Mixhalo raise $10 million to play live music in your ears at events
We all love live music, but sometimes it’s hard to love the quality of the sound in a packed hall from old PAs. That’s where Mixhalo come in.
Mixhalo is a startup that is aiming to improve the audio quality of live music but in a way that you might not expect. The company, founded by Incubus guitarist Mike Einziger and his wife Ann Marie Simpson-Einziger, have just raised over $10 million to do it.
How do they plan to improve the sound quality at gigs though, better infrastructure in venue speakers? No, with a unique technology set up which takes the music feed straight into your ears. Mixhalo’s technology sends a live feed from the sound mix which you can pick up on smartphones to plug straight into headphones.
Since launching only two years ago, Mixhalo have found their technology used on tours with major artists like Charlie Puth, Metallica, Aerosmith, and, perhaps unsurprisingly, Incubus. If it can work in the supersized stadiums of massive acts then who knows how far-reaching the potential is for Mixhalo.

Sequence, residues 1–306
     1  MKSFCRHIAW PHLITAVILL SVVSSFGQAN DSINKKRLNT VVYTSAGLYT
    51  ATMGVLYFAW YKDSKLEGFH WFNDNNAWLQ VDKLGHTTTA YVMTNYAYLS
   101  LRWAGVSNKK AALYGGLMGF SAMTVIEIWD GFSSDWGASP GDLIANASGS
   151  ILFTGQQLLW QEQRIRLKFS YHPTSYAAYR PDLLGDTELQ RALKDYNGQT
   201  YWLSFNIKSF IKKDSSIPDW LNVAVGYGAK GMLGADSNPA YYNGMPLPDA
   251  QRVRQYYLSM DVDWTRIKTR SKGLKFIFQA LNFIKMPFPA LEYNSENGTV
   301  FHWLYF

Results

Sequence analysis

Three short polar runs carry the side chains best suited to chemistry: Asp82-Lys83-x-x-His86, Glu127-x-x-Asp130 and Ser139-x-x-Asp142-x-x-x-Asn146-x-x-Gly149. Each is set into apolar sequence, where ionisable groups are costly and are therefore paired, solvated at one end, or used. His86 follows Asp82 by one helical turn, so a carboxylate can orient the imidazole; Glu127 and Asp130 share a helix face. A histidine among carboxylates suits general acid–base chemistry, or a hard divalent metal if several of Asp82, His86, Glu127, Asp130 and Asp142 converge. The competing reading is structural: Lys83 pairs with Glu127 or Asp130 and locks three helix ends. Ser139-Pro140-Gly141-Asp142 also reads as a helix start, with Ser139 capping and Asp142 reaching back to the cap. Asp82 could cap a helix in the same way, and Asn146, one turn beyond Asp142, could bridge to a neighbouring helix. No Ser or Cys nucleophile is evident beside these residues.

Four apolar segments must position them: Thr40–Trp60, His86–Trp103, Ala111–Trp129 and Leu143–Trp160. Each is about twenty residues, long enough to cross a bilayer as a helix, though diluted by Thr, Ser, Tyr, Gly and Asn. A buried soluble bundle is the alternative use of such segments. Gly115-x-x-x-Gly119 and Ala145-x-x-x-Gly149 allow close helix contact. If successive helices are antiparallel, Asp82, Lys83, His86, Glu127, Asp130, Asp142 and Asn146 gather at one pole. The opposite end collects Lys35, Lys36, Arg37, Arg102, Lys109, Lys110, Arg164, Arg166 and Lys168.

To avid gig-lovers it may sound like sacrilege; the surrounding of sound and booming speakers are a vital part of live music. Headphones at a gig could easily be seen as putting a wall up between you and the music, like watching the gig through a camera screen.
But Mixhalo has a number of benefits. For a start, people who have tried the stream at concerts testify that the quality of the audio is impressive. There is also the ability to control volume individually for each person, so those with sensitive ears can take it down and those who want to rock it can bring it up.
Marc Ruxin, who led music discovery startup TastemakerX, was so impressed with the quality and potential that he joined the company as CEO to lead it onwards to venues across the country and potentially beyond.
He argues people don’t realise how poor live audio quality is until they compare it, saying: “We’re definitely solving a problem in music that people don’t realize they have.” He goes on to say that people didn’t think standard TV quality was poor until they watched HD – very true.
Will this method stand up with concert-lovers though? It’s doing well so far and with a new chunk of funding they should be able to push this further and see how it’s received. The applications go far beyond concerts with potential to enhance theatre shows, musicals, seminars, museums, conferences, and so much more.